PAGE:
Monday 24 March 2014

The Society of the Crossed Keys - Stefan Zweig
This book has been published to coincide with the release of the Grand Budapest Hotel unlike other film related books this maintains the simple styling of the other Zweig books published by Pushkin Press.
Stefan Zweig was a massive name in literature in the first half of the twentieth century although his fame seems to have missed Britain. He wrote novellas and novels, plays and biographies; and his work was adapted for stage and film both in Europe and in Hollywood. He was a star, but by the start of the 21st century his work was virtually unknown. That is until the wonderful Pushkin Press started republishing his works. Now an extensive collection of his writing is available in English. I first came across Zweig when a copy of Beware of Pity came into the shop, as a massive fan of central European literature and of anything relating to the Hapsburg empire especially I knew that I would enjoy this novel about the concept of honour in the Austrian officer class in the run up to the First World War. I was right, the novel is wonderful I urge anyone who has any interest in the period to read it. Since then I've been able to read a fair few of Zweig's other works, some of his biographies and a few of his novellas, each one has been a perfect self contained piece of writing.
When I heard that there was going to be a new film made to encapsulate the essence of Zweig I got rather excited; even more so when I discovered that it was to be filmed at the incomparable Grandhotel Pupp in the old imperial spa town Karlovy Vary (Carlsbad during the Hapsburg period) and would be starring Ralph Fiennes. It all sounded perfect. So I was very keen to read the accompanying book that was published to go alongside the film. I was right to be keen, The Society of Crossed Keys is a wonderful introduction to all things Zweig. It features a selection of his writings that offers snapshot of his range and style. Of greatest interest to me was the selected chapters taken from Zweig's memoirs, The World of Yesterday. I loved the depiction of early 20th century Vienna. I read as much as I can about this area and period, and am always so pleased to see just how little seems to have changed in the hundred years or so between then and when I lived in the city. These selections manage to be absolutely fascinating as well as amusing and containing some hints of the darkness that would soon overshadow everything else in the region. The section about University life is just marvellous. It combines a timeless account of student life with the idea of honour amongst students that is so uniquely Germanic.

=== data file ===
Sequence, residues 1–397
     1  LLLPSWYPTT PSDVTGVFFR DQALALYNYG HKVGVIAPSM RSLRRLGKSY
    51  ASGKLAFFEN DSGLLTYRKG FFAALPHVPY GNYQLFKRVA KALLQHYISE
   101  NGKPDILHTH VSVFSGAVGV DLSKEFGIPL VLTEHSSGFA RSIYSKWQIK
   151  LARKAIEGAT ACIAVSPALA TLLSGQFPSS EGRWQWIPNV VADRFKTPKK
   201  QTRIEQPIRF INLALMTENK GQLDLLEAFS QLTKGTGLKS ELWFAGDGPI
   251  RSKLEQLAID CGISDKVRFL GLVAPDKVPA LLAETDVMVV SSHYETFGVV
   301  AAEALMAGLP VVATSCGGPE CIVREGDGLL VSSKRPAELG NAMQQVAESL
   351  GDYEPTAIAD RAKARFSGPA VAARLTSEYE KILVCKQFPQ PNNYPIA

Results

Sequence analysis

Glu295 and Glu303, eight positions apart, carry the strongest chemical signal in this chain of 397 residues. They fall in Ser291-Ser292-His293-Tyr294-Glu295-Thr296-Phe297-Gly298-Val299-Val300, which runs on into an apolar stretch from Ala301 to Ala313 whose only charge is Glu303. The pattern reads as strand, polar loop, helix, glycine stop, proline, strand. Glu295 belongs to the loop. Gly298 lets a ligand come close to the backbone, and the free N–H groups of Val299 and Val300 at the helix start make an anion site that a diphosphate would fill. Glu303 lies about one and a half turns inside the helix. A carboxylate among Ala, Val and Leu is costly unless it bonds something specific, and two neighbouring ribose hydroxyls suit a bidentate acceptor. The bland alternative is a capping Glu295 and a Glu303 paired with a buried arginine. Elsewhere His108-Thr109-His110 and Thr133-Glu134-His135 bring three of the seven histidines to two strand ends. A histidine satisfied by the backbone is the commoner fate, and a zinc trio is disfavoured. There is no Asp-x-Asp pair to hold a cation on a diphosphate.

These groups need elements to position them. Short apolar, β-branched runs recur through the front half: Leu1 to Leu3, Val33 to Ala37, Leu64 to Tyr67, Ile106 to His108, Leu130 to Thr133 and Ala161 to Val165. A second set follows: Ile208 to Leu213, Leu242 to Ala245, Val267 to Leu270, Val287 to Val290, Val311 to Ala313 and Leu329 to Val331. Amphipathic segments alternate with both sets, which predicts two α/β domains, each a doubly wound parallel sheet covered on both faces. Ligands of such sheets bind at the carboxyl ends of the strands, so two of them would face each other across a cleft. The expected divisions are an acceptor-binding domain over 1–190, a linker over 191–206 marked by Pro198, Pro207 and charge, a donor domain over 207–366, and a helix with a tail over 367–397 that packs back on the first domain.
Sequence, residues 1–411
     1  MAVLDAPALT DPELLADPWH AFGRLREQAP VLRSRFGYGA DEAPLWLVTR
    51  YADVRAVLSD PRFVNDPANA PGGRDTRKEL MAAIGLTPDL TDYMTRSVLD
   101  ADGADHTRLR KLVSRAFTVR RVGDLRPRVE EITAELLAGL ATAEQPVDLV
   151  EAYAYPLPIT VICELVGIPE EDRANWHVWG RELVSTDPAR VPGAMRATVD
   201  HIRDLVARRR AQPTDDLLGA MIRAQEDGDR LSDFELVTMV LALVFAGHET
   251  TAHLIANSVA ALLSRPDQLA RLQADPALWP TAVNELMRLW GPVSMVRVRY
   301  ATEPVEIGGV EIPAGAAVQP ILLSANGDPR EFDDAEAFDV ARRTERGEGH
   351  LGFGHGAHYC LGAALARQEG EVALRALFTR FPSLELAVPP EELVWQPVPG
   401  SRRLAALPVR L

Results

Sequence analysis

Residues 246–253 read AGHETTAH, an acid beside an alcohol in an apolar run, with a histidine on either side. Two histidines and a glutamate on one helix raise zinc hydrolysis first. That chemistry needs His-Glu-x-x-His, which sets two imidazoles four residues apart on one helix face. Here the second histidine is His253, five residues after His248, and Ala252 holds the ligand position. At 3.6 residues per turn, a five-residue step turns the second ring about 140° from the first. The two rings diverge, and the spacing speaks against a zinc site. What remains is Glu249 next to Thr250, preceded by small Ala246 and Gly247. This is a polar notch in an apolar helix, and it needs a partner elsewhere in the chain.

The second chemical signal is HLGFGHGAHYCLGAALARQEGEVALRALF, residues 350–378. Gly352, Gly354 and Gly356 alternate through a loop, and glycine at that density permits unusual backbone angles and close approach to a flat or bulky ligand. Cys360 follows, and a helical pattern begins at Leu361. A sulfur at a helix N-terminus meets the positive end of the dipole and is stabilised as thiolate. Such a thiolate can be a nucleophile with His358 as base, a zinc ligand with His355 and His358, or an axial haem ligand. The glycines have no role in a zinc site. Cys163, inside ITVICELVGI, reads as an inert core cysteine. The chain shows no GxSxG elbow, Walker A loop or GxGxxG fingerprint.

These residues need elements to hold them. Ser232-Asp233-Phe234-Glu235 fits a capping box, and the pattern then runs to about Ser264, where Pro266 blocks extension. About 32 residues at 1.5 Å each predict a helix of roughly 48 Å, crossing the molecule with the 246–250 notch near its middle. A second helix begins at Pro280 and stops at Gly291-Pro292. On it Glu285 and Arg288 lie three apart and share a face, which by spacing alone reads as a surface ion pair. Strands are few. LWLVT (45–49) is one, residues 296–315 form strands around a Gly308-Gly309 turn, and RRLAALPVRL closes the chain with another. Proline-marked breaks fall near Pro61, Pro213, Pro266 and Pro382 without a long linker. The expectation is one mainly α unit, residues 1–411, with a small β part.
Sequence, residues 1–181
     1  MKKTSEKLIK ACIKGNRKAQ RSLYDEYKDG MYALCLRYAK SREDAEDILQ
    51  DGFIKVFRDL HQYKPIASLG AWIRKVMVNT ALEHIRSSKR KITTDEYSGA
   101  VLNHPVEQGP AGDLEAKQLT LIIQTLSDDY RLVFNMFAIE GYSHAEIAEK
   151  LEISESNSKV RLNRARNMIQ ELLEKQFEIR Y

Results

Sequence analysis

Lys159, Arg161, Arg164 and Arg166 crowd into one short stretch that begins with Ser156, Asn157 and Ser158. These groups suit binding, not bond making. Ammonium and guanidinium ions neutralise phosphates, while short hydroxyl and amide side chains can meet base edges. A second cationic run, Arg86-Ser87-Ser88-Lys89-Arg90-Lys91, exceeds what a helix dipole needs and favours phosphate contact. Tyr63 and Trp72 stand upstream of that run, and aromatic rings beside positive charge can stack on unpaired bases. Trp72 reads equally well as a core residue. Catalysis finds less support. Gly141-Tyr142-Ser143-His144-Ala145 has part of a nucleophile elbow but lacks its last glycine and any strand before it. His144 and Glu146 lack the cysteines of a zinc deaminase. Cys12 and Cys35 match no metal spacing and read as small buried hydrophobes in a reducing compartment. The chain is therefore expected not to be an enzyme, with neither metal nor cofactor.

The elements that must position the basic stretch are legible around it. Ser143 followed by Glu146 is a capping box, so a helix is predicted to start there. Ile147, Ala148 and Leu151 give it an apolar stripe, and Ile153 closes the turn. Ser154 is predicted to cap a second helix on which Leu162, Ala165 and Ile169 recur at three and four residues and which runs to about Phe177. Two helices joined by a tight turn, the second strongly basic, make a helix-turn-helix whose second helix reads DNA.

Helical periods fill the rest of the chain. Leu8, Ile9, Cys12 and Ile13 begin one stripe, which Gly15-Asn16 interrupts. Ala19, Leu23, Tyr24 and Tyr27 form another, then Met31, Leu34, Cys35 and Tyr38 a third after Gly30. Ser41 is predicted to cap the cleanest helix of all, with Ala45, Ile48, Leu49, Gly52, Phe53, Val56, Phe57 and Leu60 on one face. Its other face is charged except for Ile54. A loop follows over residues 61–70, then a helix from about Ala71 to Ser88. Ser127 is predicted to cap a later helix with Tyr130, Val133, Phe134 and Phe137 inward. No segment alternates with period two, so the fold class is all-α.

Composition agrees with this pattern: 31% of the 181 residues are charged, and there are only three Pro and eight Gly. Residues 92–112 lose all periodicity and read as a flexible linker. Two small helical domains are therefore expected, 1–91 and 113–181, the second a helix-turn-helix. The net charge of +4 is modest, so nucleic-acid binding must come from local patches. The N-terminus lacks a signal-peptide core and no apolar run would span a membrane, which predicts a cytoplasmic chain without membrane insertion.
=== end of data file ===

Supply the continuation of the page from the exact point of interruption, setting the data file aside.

As an introduction to Zweig's fiction we are given an extract from Beware of Pity, that nicely continues this idea of honour being paramount. This is only a short extract, but it is enough to capture a flavour of the rest of the novel.
The novella Twenty-Four Hours in the Life of a Woman is included in it's entirety, this is a very stylish story set against the backdrop of the French Riviera in the 1920s. This almost reminded me of the Ford Maddox Ford story The Good Soldier. As with most Zweig stories this is a tale wrapped up in another tale, he was extremely fond of writing little onions that had layers to peel back. This story is an absolute gem, the characterisation of the female characters is superb. It is a joy to read writing of this standard, especially when the translation is so sympathetically done.
To top the book off there is a transcript of a conversation between Wes Anderson, the director of The Grand Budapest Hotel, and George Prochnik who is Zweig's biographer. This gives an insight into why Zweig's life and work has started to fascinate readers again. So many of his novellas seem to be ripe for a new audience and this book alongside the film should open up his work to many many more people.

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